For multiboot systems like the ones in S214, there are separate partitions for each operating system

Installation Logs

Setuperr.log in the %SystemRoot% folder (normally C:\Windows)

Lists any errors and warnings that occurred during setup

For more information, run Winnt32.exe with the /Debug switch

There are several other logs (see page 25)

Avoiding Dual-Boot Disasters

Do not install two or more versions of Windows on a single partition, because

The two systems share the same registry

Executable files and dynamic link libraries for are different for Win 95/98/Me and Win NT/2000/XP

A program won’t work properly in at least one Windows version

Program preferences, options, and settings you’ve chosen in one operating system don’t show up when you use the other operating system

If you uninstall an application, it will still appear in the other OS, but it won't work

Command-Line Setup Switches for Winnt32.exe


Runs the Upgrade Advisor without installing Windows XP


Adds the Recovery Console to the Windows XP startup menu


Identifies a Uniqueness Database (UDB) file for Automated Installation


Used for unattended Setup

Windows Product Activation (WPA)

Within 30 days of installing Windows XP, you must activate the software

by Internet or phone

Activation is not registration

The activation process is completely anonymous

A message will pop up reminding you to activate, or you can click Start, All Programs, Accessories, System Tools, Activate Windows

Windows Product Activation (WPA)

You’re allowed to reinstall Windows an unlimited number of times on the same hardware.

Multiple hardware upgrades may require you to reactivate Windows

Copies of Windows XP sold with new computers may be exempt from WPA

Volume License Installations are also exempt from WPA requirements

Automated Setup Options

Unattended setup

Uses a batch file and a script (called an answer file)

Disk imaging (also called cloning or sysprep setup)

Set up Windows on a sample computer

Run the System Preparation utility (Sysprep.exe), which removes the Security identifier (SID)

Then use a disk cloning program such as Symantec Ghost to copy the entire partition to a new computer

When it starts up, it runs a Mini-Setup program

Remote Installation Services (RIS)

Automatically installs Windows XP from Windows 2000 Servers or Windows 2003 Servers

Requires Active Directory, DNS, and DHCP, which are only commonly used on large company networks

Deployment Tools

In the \Support\Tools\ file on the Windows XP CD


Setup Manager Wizard used for creating answer files


Used for creating and deploying disk images (don't run it on a computer that is being used)

Demonstration of Setup Manager

Slipstreaming Service Packs

Your Windows XP CD probably does not include the latest Service Packs

Slipstreaming lets you incorporate a service pack into the installation file so new installations made from the modified files include the service pack

Moving Windows Settings and Files

If you upgrade to Windows XP

Your data and programs should survive Setup intact

If you do a clean install, or get a new computer, you can move your settings with FAST or USMT

Moving Windows Settings and Files

Files And Settings Transfer Wizard (FAST)

Moves one user account at a time

User State Migration Tool (USMT)

Can only be used on domain, can move many accounts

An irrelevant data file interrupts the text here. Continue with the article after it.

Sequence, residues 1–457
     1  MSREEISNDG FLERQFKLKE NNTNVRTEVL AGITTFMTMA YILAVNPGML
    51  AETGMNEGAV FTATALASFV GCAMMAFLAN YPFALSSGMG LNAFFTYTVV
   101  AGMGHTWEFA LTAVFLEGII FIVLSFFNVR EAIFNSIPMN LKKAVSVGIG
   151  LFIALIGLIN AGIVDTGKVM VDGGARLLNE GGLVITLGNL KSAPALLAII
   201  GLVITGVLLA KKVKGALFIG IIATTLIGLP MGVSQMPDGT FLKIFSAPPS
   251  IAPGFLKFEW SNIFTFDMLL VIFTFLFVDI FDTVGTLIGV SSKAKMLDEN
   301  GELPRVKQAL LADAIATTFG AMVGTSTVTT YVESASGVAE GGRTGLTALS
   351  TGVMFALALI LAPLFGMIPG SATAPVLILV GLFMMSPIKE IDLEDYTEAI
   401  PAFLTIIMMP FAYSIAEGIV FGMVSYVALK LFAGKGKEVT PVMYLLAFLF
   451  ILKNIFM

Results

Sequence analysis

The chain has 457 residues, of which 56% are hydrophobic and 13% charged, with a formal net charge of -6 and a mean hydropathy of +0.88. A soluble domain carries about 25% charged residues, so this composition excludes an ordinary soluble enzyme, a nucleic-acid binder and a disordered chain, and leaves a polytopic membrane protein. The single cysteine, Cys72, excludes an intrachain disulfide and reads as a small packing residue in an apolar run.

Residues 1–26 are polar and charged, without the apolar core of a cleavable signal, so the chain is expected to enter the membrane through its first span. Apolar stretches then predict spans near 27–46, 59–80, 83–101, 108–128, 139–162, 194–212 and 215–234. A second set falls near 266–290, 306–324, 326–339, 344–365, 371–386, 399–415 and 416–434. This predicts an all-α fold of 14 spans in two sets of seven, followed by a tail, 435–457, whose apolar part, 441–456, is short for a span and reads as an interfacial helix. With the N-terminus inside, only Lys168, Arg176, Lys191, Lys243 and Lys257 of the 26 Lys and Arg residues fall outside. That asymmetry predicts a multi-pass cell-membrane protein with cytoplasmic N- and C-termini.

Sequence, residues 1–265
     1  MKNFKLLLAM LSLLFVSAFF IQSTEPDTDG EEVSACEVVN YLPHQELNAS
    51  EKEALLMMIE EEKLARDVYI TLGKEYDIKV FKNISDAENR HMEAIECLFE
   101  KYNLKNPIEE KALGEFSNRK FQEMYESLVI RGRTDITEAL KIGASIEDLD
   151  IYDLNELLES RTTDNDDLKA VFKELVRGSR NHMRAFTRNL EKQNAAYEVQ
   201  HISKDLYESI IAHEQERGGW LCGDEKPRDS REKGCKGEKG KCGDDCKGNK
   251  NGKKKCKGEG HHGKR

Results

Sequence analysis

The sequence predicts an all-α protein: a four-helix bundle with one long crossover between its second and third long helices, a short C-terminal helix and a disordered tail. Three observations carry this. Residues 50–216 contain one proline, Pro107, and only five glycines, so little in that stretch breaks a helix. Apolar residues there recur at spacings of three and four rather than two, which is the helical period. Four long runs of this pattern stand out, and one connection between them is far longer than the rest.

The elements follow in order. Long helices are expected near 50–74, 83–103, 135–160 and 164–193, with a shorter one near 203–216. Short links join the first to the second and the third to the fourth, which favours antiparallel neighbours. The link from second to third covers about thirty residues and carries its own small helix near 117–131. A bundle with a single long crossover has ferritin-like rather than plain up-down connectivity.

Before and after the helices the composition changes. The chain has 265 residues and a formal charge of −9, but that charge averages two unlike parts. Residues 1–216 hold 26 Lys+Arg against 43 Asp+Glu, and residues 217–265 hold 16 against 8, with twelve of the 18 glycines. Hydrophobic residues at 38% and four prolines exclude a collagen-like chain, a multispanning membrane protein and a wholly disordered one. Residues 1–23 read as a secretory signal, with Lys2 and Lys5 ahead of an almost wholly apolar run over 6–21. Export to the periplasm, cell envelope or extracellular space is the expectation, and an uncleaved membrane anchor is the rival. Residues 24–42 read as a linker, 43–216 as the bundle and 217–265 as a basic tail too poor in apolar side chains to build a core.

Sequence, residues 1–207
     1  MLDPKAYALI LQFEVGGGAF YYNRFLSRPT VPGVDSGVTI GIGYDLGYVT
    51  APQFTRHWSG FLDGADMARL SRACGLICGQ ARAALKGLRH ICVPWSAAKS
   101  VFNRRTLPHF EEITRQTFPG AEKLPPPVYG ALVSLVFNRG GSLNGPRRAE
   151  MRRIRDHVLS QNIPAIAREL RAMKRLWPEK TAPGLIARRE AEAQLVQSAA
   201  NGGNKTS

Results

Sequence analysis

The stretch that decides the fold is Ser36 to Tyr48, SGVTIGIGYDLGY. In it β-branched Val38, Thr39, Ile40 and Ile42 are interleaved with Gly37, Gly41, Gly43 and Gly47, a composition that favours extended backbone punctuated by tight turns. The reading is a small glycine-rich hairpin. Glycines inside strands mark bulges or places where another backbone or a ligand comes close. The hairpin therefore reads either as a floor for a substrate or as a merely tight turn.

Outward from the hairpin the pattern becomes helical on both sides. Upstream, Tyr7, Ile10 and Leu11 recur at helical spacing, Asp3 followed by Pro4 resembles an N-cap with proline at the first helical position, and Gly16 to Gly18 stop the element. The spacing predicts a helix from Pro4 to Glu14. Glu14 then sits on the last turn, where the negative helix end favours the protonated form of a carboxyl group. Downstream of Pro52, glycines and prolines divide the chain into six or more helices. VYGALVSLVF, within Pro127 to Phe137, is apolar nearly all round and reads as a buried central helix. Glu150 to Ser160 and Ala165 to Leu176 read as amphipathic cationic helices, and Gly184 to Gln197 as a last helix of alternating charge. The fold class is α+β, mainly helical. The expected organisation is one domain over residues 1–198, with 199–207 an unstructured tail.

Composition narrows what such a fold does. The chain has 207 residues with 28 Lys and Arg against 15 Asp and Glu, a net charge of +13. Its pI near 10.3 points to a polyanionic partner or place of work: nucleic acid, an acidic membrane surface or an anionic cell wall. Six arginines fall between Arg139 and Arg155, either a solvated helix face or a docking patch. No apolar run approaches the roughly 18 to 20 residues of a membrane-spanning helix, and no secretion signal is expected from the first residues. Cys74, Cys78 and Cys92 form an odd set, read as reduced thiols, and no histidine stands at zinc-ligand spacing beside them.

See link Ch 2m

File and Settings Transfer Wizard (FAST)

Moves the data using either

A direct connection with a cable between two computers

By saving your settings to a file


Desktop settings,

Internet settings


Application settings

Files and folders

Accessibility Options

Helpful for persons with vision, hearing, or mobility impairments.

Start, All Programs, Accessories, Accessibility


Enlarges part of the screen


Reads text aloud

On-Screen Keyboard

Lets you type with a pointing device

Java Virtual Machine

Allows Java applets to run in a browser

Java applets are used on many Web sites

Because of a longstanding legal dispute between Microsoft and Sun, the Microsoft Java Virtual Machine was removed from Windows XP Service Pack 1a and later

The best thing is to get the machine from Sun

See links Ch 2t, Ch 2u, and Ch 2v on my Web page

Customizing Multiboot Menus

Start, right-click My Computer, Properties, Advanced

In the Startup And Recovery section, click Settings

Or edit Boot.ini directly (be careful – errors can stop your machine from booting up)

Modifying Boot.ini

Because this file is set with the hidden and system attributes, it doesn’t ordinarily appear in Windows Explorer; to edit it, use either of these techniques:

Start, Run, enter c:\boot.ini.

Open System in Control Panel, click the Advanced tab, click the Settings button under Startup And Recovery, and click the Edit button in the System Startup section.

Overview of the Startup Process


Power-On Self Test


BIOS then reads the master boot record (MBR)—the first sector on the first hard disk—and transfers control to the code in the MBR

Boot Sector

The MBR reads the boot sector—the first sector of the system partition—which starts Ntldr, the bootstrap loader for Windows XP

System Partition

Must contain Ntldr, and Boot.ini. Ntldr reads the Boot.ini file, and displays the boot menu.

  • Error in the book on page 73: these files are in the system partition, not the active partition. See link Ch 2v on my Web page

After you select Windows XP from the boot menu, Ntldr runs to gather information about the currently installed hardware.


Ntldr then uses the Advanced RISC Computing (ARC) path specified in Boot.ini to find the boot partition—the one where Windows XP is installed.


The Windows XP kernel is in two files: Ntoskrnl.exe and Hal.dll. Both files must be located in the %SystemRoot%\System32 folder (in the boot partition)


Ntldr then loads the registry, hardware profile, and device drivers.

Log On

Ntoskrnl.exe takes over and starts Winlogon.exe, which in turn starts Lsass.exe (Local Security Administration), the program that allows you to log on with your user name and password.

Adding the Recovery Console

The Recovery Console is a no-frills command-line environment that you can use to recover from serious startup problems. It looks like DOS.

You can run the Recovery Console by booting directly from the Windows XP CD, or add it as a startup option on your boot menu.

To add Recovery Console as a startup option on your boot menu.

Insert the Windows XP CD into your drive.

At a command prompt, type d:\i386\winnt32.exe /cmdcons (replacing d with the letter of your CD drive)

This does not work on machines that were upgraded to Service Pack 2

See Link Ch 2w on my Web page

CNIT 235 – Bowne Page of